Sunday, March 25, 2007

JKstat 0.15

I've made a new version of JKstat available.

There are quite a few changes underneath. I'm very grateful to Tom Erickson for sending me a bunch of enhancements and fixes. Some of them made it into this version fairly directly - particularly the sorting of kstats in the browser.

This version has also been revamped and now requires Java 5. I had been thinking about modernizing the code for a while, but had always put it off. Tom again provided the impetus, as he went ahead and used generics in the fixed version he sent back to me. I reimplemented it myself, so I could actually understand what I was doing to my code.

I actually went and rewrote solview first. This was a useful exercise in itself, as one of the advantages of using generics is that it makes you think harder about the way you define classes and how your code is structured. In solview I was in the middle of cleaning the code up to define Solaris packages and install clusters as proper objects, and using generics made sure I actually got that right.

JKstat was also accepted as an OpenSolaris project, so I'm going to be moving development over there soon.

Saturday, March 24, 2007

OpenSolaris priorities

Before the OGB election there was the OpenSolaris Comunity Priorities vote.

Looking at the result, and the clear winner in terms of priorities is the public defect management system. Yep, I put that at number 1 too. (I think...)

The OpenSolaris Bugs interface did get revamped recently, and that was a significant improvement. However, it's still not really doing anything for OpenSolaris - it's just a way to give a limited view of a subset of Sun's bug database.

Importantly, there's no other integration with anything else the community might be doing, and no way for a community member to interact with the system. How can it be improved?

Here are a couple of things I would like to see:

Eliminate all the crud. The database is littered with all sorts of things that aren't bugs, and still contains bugs that are antique. We need to take some of the open bugs forward, but most of the database has no relevance to the current codebase.

I think this means we need a completely separate database. And bugs that Sun generate through their support organization need to be put into the public OpenSolaris bug database the same way that Sun currently logs bugs against external projects such as Gnome.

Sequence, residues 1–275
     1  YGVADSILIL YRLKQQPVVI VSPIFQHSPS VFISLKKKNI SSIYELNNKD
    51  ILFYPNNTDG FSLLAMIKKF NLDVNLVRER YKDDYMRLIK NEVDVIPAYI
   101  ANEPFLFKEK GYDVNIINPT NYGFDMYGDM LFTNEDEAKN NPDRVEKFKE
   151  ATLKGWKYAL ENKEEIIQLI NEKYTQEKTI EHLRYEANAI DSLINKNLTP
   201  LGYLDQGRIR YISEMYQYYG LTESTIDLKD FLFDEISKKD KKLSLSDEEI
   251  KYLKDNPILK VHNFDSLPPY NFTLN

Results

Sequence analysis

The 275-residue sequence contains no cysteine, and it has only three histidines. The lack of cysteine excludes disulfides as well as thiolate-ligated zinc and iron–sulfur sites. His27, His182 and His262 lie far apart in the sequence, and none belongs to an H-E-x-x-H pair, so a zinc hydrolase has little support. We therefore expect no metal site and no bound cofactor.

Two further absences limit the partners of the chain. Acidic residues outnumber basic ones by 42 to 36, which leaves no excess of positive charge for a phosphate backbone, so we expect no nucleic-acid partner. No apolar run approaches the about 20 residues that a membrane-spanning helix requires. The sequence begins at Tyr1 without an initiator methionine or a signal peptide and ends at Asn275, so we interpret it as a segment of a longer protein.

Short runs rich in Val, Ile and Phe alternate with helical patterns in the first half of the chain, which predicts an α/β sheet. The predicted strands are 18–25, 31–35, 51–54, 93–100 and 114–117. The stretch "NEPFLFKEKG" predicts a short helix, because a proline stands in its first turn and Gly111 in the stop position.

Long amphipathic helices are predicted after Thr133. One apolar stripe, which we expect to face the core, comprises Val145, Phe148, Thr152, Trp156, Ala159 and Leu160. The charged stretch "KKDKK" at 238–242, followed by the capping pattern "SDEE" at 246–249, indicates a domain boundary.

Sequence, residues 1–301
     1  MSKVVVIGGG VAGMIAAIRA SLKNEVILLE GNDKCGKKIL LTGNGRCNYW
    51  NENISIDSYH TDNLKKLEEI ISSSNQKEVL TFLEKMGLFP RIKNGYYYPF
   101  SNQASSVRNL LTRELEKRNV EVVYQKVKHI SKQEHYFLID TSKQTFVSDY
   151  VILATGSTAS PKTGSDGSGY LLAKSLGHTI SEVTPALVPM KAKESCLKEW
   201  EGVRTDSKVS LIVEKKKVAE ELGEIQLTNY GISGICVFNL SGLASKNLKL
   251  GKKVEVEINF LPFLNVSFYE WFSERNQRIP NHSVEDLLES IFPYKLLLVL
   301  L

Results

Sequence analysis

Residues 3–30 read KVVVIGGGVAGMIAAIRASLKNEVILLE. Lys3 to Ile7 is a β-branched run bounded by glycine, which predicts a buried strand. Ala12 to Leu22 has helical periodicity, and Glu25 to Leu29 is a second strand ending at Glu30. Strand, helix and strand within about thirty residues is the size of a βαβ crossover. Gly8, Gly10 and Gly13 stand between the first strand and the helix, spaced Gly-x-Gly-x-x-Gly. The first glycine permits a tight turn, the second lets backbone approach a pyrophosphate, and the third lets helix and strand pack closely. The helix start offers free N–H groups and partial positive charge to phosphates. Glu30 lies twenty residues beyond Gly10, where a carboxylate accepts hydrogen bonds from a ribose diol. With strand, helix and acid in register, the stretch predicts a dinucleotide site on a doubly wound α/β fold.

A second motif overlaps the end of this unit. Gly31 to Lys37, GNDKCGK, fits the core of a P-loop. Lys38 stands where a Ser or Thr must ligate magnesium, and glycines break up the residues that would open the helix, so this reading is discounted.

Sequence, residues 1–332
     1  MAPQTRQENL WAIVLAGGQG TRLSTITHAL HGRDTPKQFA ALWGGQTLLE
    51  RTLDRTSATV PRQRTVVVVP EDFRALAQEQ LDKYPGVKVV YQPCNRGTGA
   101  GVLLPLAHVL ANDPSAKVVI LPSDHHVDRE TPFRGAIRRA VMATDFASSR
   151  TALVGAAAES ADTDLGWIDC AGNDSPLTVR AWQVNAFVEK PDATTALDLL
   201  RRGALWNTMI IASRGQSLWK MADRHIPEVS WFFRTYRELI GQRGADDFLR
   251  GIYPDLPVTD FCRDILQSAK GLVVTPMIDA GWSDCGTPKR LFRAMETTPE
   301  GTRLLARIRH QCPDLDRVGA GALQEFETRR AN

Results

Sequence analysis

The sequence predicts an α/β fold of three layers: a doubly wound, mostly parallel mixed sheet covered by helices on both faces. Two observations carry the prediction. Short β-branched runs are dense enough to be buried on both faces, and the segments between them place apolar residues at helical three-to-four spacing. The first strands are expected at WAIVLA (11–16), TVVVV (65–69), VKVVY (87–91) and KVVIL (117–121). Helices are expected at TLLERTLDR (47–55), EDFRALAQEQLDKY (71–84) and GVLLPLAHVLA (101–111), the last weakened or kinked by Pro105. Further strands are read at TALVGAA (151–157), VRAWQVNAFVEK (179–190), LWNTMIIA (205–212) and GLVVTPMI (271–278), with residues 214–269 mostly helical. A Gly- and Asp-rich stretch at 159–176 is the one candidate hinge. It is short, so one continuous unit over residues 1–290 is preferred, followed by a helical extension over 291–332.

We need to allow community members to participate in the triage process, and allow comments and followups to further refine the bugs and provide sample solutions, test cases, and prioritization. This extra interaction will build a stronger community, and provide ways for more people to get involved.

And the database needs to be linked into the whole workflow, so that there's a way to see who might be working on a particular bug and contact them.

The bug database is the crucial missing link. We want to improve and develop OpenSolaris, and to do that we first need to know what's broken and what's missing.

Polls and voter apathy

I've been sitting on the fringes of the OpenSolaris Governing Board Election. I would have liked to have been more involved, but have been struggling to find time. Strike one for apathy!

(And, while I did consider putting myself forward as a candidate, the fact that I haven't been able to effectively contribute up to this stage also implies that I wouldn't be able to do the job properly in the unlikely event that I were to be elected.)

There does seem to be a fairly low turnout so far. There have been a number of calls for people to get their finger out, and we seem to be creeping closer to a quorum.

Alan Coopersmith had a look at the contributors and communities. This shows what we've known all along - that the different communities have very different levels of participation in the governance process. Looking at the way that core contributors are distributed, it's not clear to me now that relying on communities to generate the initial list was - or is - a good thing.

There seems to be a view that reorganising the communities is going to be a big task for the incoming OGB. (If one gets elected, that is.) I'm not so sure about this. I feel that we're trying to build too much officialdom into the community structure, when in reality the communities are more social structures connected by a common interest. But more on that later.

I'm fortunate that I am classed as a core contributor and, yes, I've voted.

Perhaps core contributor status should be automatically be rescinded from those who haven't bothered to vote?

Thursday, March 08, 2007

Spring Clean and Upgrade

I've been doing a bit of a spring clean and upgrade on some of my home systems.

The family PC had its memory doubled. It's survived 3 years with only 512M, which ought to be enough but it's obviously running out. We use fast user switching so there are usually 4 people logged in. That shouldn't be so bad, but it implies 4 web browsers and they guzzle memory like it's going out of fashion. I also replaced the broken DVD-ROM with a working dvd writer.

I think it's the first time the case has been opened for 3 years. And it was filthy inside, so it got a thorough vacuuming.

Next step was a couple of Sun workstations. I use one for OpenSolaris development, and I shuffled that up from build 55 to build 59. I also took a gamble on rebuilding one of the children's systems from an essentially unpatched FCS version of Solaris 10 to the latest Solaris Express release - the same build 59. Only complaint so far is the placement of the tab close buttons in Firefox 2 versus Mozilla.

Next step - run Nexenta using the VMware player.